This year in the United States, cancer is projected to cause one out of every four
deaths. Prostate cancer alone is estimated to take the life of over 30,000 men. One area of intense research as a potential therapy against cancerous growth is in tumor suppressing genes, which function in cell cycle checkpoint responses, detection and repair of damaged DNA, protein ubiquitination and degradation, mitogenic signaling, cell specification, differentiation and migration, and tumor
angiogenesis. One particular gene, the mammary serine protease inhibitor (maspin), is critically important in both breast and prostate cancer, which in the latter the gene is repressed entirely. However, the exact mechanism that leads to the repression of the maspin gene is not entirely understood. In my thesis work, I first showed that the maspin tumor suppressor gene was under direct regulation by the androgen receptor protein. By analyzing the quality and quantity of the mRNA produced under various growth conditions, we confirmed that the activation of the androgen receptor was critical for the repression of maspin. To do this, cell cultures were selectively grown with or without androgens and the mRNA was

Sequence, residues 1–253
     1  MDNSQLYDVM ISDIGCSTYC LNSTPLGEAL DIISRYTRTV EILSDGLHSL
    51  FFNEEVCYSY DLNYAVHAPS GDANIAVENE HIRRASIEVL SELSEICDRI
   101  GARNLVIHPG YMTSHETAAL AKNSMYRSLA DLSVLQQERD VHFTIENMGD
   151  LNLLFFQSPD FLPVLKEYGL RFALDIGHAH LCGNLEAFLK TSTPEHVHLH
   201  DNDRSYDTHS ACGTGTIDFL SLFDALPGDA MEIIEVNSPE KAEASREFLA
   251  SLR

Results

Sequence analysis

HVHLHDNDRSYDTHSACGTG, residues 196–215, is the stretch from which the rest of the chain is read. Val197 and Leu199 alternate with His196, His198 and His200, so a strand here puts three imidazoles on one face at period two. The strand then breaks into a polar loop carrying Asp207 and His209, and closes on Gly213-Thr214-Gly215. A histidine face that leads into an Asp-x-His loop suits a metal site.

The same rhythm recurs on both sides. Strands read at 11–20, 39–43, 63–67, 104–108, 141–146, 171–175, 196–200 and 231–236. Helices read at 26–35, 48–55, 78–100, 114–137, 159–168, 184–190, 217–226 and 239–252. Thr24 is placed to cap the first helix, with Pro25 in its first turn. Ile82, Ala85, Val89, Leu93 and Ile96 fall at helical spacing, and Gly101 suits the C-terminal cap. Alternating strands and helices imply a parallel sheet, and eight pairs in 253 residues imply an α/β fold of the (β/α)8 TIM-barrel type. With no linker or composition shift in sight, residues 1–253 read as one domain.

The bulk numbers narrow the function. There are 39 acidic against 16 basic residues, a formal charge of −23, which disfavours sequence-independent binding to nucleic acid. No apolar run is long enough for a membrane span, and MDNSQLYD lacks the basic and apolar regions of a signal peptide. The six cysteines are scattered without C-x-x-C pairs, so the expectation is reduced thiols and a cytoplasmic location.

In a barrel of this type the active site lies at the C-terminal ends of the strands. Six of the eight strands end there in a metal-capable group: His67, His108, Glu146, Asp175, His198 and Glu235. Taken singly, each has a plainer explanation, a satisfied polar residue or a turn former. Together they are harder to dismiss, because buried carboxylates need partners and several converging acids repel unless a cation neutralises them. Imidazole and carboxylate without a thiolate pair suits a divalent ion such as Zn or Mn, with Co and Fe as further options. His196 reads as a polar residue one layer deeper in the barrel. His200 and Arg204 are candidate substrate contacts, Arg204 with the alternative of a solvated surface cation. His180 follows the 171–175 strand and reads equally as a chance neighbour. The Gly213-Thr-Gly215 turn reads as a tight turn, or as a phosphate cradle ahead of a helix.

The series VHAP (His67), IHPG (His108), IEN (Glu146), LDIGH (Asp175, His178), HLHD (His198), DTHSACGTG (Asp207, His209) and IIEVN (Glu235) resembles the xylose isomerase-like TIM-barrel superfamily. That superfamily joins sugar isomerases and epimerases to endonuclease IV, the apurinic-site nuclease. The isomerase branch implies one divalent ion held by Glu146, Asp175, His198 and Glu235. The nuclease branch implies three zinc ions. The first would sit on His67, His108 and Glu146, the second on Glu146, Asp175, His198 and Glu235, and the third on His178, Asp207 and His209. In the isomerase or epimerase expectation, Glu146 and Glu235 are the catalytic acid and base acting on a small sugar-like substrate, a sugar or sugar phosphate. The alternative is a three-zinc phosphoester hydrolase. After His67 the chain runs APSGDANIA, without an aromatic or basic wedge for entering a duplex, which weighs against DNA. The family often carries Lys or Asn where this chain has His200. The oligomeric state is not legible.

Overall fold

extracted, converted to cDNA, and RT-PCR was performed to analyze relative levels of maspin expression. I next attempted to verify that the androgen receptor was physically binding the promoter region of maspin by performing chromatin immunoprecipitation (ChIP) assays. After immunoprecipitating any chromatin fragments with the androgen receptor bound, a PCR to amplify the maspin promoter was completed. Obtaining a PCR product confirmed that the AR binds the androgen response element (ARE), repressing its expression.
This research was supported by the Undergraduate Research Opportunities Program (UROP).
Androgen-Mediated Repression of the Maspin Tumor Suppressor Gene in Prostate Cancer.
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